Friday 18 August.
Only one show today, which was the fairly unedifying sight of Simon Callow “doing a corporate” at the Edinburgh International Book Festival.
I should have read the programme more carefully and I would have noticed that Callow, a fine author and actor, was appearing at an event sponsored by an Edinburgh fund management firm in memory of a former employee who was also a “much-missed Edinburgh impresario,” in fact, one of the founders of Underbelly.
So sadly, no audience questions and no signing session from Callow, who did what was expected of him and told some of the stories which are familiar to those who have enjoyed his books. When asked who were his heroes, he cited the honouree of the lecture along with Gielgud and Laughton, mentioning he had only heard his story that afternoon, which was a damn fine piece of acting…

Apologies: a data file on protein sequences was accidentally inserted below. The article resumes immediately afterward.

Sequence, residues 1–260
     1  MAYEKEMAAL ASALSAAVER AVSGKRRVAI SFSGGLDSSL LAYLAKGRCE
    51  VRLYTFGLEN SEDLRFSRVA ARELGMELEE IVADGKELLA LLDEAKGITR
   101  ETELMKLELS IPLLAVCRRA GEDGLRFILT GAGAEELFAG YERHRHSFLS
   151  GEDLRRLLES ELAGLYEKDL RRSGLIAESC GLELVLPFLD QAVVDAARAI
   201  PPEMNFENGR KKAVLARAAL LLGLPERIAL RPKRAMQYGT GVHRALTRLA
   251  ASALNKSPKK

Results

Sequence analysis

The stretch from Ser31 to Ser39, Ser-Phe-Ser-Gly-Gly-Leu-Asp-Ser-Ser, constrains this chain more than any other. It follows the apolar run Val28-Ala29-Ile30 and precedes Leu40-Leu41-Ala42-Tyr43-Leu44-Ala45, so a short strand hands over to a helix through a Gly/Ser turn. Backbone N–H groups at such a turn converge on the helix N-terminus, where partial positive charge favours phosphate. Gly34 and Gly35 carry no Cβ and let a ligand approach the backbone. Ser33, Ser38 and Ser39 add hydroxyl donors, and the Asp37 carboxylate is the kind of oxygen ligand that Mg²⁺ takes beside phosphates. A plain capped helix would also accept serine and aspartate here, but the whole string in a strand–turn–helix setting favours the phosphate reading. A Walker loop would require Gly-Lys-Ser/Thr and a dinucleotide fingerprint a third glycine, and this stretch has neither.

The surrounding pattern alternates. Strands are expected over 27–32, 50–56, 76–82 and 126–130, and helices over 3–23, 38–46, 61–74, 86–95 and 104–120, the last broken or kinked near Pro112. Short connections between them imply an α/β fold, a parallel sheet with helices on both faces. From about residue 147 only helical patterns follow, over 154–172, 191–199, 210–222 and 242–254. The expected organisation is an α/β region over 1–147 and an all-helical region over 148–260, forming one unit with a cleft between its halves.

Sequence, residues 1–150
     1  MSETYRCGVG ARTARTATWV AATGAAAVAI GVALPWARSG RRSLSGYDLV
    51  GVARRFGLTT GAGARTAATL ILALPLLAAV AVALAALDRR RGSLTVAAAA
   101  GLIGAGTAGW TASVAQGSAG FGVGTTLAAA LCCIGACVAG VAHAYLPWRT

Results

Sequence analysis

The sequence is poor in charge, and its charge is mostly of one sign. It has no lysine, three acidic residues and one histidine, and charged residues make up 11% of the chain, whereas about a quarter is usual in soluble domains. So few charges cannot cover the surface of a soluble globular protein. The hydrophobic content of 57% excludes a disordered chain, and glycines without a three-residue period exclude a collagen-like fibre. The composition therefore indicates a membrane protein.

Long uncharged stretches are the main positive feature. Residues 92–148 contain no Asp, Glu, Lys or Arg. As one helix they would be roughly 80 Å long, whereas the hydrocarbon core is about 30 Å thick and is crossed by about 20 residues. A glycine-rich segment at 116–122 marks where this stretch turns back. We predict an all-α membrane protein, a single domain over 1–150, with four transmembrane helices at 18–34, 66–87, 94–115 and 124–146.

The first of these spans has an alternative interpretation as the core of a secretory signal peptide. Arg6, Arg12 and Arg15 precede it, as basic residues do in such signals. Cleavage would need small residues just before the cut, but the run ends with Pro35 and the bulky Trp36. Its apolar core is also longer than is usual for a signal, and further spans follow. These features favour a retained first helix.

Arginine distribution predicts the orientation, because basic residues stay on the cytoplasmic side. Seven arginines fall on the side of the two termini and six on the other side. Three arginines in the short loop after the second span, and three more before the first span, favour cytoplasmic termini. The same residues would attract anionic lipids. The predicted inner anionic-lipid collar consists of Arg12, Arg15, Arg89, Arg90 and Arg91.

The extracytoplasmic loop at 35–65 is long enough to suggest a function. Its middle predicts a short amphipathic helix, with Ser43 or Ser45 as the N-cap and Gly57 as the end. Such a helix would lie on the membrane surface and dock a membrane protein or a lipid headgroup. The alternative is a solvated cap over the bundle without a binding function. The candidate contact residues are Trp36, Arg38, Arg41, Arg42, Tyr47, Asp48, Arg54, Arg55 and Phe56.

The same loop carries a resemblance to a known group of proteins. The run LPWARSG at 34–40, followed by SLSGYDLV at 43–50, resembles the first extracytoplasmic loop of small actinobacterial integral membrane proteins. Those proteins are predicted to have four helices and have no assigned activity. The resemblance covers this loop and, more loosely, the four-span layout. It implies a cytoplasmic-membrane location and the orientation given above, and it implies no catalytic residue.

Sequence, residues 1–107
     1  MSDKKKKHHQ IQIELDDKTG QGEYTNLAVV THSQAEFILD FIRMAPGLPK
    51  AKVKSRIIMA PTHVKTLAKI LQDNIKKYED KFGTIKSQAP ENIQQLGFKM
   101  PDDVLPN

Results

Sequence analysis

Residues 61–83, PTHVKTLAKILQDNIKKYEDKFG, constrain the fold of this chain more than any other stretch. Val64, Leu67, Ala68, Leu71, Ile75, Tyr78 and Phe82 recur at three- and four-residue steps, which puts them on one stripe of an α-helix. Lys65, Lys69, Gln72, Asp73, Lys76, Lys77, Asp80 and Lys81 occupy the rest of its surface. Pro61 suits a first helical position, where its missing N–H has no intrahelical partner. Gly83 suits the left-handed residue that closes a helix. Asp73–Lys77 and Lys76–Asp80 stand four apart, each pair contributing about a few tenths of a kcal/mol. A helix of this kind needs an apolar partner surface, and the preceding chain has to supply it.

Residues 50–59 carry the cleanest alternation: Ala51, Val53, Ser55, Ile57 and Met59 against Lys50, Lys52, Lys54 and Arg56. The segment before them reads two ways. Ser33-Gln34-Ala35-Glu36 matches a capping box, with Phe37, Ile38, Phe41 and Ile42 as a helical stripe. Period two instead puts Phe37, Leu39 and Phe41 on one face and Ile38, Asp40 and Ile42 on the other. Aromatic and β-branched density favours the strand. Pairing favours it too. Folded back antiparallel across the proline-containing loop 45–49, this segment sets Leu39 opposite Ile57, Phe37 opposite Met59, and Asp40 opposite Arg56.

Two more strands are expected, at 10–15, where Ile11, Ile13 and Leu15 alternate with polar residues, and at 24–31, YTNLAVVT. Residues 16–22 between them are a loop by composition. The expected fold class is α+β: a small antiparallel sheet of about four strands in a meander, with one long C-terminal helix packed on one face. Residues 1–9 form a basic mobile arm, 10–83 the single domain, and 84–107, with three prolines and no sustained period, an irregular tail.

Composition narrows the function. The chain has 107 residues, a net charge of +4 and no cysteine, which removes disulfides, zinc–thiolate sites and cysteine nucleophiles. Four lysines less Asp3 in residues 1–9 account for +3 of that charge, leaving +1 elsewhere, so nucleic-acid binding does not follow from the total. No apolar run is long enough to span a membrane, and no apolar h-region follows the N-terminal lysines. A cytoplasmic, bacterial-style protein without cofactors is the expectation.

Clearly, sitting here on 30 August, I have got way behind in writing about the Festivals…but with a few alterations to tenses, I’ll carry on. There were so many good things happened throughout the three and a half weeks that it makes the atmosphere in the city on August Bank Holiday quite poignant as many people are packing and leaving the city, or doing their final show.
But I’ll come to Monday 28 August eventually…
I only saw one show on Thursday 17 August, Death on the Nile presented by Livewire Theatre Company, who, according to their programme, were “celebrating 18 years at the Edinburgh Fringe.” I’m sure I would have remembered if I’d seen them before.
This was quintessential am-dram, by which I mean am-dram at its finest, performed with skill and passion and a lack of pretension. They don’t seem to have website (there are others with the same or similar names on a Google search) and there are no lists of Twitter or Facebook contacts on the programme, so decidedly old school, which is quite refreshing. There seem to be many members of a family involved, so I’m guessing this has been an inter-generational project if they have been coming to Edinburgh for eighteen years.